With these changes in place, updating a working tree costs only the time required to rebase it: network delay doesn’t exist. And the intermediate tree doesn’t intrude on my normal workflow.

Add a hook to ~/moz/.clean-base to prevent inadvertent pushes

My setup depends on ~/moz/.clean-base being clean. Local changes or commits will break automatic updates and might corrupt my working trees. I want ~/moz/.clean-base to only change through pulls.

I can enforce this using a Mercurial prechangegroup hook. This hook, run when a repository is about to accept a group of changes, can gate changes before they’re added to a tree. I use such a hook to prevent any changes except by a push by adding these lines to ~/moz/.clean-base/.hg/hgrc:

# Prevent pushing into local mozilla-inbound clone: only push after changing a clone's default-push.
prechangegroup.prevent_pushes = python:prevent_pushes.prevent_pushes.hook

This invokes the hook function in prevent_pushes.py:


def hook(ui, repo, **kwargs):
  source = kwargs['source']
  if source != 'pull':
    print "Changes pushed into non-writable repository!  Only pulls permitted."
    return 1
  print "Updating pristine mozilla-inbound copy..."
  return 0

On my Fedora-based system, I place this file in /usr/lib/python2.7/site-packages/prevent_pushes/ beside an empty __init__.py. Mercurial will find it and invoke the hook whenever ~/moz/.clean-base receives changesets.

Only pushing from a new clone without a default-push would attempt to modify ~/moz/.clean-base, so the need to prevent changes to ~/moz/.clean-base might seem small. Yet so far this hook has prevented such changes more than once when I’ve forgotten to set a default-push, and I expect it will again.


There are doubtless many good ways to organize Mozilla work. I find this system works well for me, and I hope this description of it provides ideas for others to incorporate into their own setups.


How to not commit explicitly unreviewed changes in Mercurial

Tags: , , , , , — Jeff @ 21:45

Earlier today I made one of the most, er, special commits to Mozilla code that I’ve ever made — entirely due to the commit message I used:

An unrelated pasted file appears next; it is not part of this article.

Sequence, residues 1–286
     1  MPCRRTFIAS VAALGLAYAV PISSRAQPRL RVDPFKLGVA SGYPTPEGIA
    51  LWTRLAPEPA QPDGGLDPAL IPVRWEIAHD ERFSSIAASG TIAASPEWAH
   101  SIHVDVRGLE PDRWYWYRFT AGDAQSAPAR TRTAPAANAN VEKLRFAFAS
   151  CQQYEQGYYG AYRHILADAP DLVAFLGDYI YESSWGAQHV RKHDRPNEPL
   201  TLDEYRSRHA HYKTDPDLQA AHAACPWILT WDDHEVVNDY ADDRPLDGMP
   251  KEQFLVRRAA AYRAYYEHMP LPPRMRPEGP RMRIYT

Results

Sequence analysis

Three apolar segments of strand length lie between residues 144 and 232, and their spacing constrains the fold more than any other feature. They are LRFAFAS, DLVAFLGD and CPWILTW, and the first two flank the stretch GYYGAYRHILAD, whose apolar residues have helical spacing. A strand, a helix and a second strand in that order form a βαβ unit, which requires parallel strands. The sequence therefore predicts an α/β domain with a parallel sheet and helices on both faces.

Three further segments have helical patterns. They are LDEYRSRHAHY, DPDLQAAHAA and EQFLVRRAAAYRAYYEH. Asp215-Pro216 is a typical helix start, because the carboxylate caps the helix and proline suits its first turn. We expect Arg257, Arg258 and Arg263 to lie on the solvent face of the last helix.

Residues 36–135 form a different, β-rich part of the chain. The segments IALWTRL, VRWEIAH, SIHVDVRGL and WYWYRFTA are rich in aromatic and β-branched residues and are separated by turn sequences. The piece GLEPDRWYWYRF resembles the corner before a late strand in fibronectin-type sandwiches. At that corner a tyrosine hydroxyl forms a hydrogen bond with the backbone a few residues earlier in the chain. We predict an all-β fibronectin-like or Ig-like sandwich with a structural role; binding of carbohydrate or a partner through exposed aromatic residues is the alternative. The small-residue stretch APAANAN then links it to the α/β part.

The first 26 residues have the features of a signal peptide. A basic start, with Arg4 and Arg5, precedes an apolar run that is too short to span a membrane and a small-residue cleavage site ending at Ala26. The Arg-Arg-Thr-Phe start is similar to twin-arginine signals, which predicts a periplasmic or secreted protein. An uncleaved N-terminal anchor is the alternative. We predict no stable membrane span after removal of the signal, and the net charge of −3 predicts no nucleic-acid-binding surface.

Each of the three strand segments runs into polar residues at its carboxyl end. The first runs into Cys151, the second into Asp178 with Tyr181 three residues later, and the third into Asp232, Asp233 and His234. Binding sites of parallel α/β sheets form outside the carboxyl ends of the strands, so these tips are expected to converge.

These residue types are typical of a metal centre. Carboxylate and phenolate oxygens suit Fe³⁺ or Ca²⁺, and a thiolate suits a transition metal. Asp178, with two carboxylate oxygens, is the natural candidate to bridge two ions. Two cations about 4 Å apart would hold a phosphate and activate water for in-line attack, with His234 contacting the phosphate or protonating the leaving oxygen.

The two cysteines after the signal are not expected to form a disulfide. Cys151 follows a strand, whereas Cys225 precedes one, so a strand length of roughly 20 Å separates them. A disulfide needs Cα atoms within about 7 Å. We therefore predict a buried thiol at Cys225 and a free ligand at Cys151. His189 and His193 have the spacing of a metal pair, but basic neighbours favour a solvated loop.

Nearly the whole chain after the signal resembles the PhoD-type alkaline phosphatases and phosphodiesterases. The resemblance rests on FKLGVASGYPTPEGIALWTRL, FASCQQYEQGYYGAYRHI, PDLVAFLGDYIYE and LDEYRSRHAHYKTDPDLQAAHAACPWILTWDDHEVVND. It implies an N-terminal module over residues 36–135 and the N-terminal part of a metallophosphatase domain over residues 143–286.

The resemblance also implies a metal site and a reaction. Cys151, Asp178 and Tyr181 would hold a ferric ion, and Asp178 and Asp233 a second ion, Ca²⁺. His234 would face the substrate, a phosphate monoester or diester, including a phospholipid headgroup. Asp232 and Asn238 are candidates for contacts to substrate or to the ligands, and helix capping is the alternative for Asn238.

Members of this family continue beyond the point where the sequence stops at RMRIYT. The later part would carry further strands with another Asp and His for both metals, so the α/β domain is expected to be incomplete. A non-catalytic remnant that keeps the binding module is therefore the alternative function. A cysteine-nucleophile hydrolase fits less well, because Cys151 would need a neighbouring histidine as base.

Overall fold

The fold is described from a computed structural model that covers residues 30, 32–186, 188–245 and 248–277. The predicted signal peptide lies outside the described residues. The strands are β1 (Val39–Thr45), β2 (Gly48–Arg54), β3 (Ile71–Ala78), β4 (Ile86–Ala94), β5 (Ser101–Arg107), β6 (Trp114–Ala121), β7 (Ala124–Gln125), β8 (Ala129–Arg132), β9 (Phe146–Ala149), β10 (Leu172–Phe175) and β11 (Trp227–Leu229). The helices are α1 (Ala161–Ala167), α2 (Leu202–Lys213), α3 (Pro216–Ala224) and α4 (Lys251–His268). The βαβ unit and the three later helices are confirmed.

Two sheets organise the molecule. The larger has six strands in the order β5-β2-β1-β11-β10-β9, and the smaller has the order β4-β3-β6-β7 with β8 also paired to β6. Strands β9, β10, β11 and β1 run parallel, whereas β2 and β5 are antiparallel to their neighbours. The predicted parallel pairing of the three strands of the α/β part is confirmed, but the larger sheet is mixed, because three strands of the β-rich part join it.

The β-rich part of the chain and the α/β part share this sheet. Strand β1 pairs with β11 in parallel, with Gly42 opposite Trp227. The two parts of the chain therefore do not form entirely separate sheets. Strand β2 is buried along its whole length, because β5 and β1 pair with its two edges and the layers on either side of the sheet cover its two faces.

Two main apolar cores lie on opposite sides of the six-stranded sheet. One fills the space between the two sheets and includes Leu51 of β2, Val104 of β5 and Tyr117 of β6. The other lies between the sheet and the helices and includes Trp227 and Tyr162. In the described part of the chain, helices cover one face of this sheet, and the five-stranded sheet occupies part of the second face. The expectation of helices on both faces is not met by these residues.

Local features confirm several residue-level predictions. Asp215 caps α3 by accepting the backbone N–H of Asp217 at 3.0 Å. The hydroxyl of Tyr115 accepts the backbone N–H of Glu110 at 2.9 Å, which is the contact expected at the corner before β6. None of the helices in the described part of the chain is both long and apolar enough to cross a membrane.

Bug 466905 - Fix JSOP_NEWARRAY to be not-buggy and use it when possible. NOT REVIEWED YET

If you read bug 466905 you’ll see in comment 20 that the patch was reviewed by Brendan and was committed with the requested changes. So why is “NOT REVIEWED YET” in there? It’s an artifact of how I manage patches-in-progress; I assign the description when I create the patch, and since I can’t know whose review will eventually grace the patch, I just add a note that I’ll see when I review the change just before commit, and I make sure to fix the description immediately before pushing it into the main repository. What happened here is that I forgot to review the commit message for proper reviewed-ness.

<firebot> Check-in: http://hg.mozilla.org/tracemonkey/rev/6475993319c4 - Jeff Walden - Bug 466905 - Fix JSOP_NEWARRAY to be not-buggy and use it when possible. NOT REVIEWED YET
<Waldo> aargh
<shaver> sounds like someone needs a pre-push local hook!
<Waldo> quite possibly!

There’s a clear flaw in this process: the bad-commit-message check (and remembering to do it!) is done manually and can easily be forgotten. So, at shaver‘s suggestion, I dove into the world of Mercurial hooks. After a little reading from chapter 10 and section 11.3, I present you with ensure-not-unreviewed:

To use, simply drop that somewhere on your system, chmod +x it, and copy the following lines into ~/.hgrc (.hg/hgrc if you want this configurable on a per-repository basis):

preoutgoing.ensure_not_unreviewed = /path/where/you/downloaded/ensure-not-unreviewed

That should take care of the problem of buggy descriptions permanently. Now if only I could write a preoutgoing hook to prevent pushing buggy patches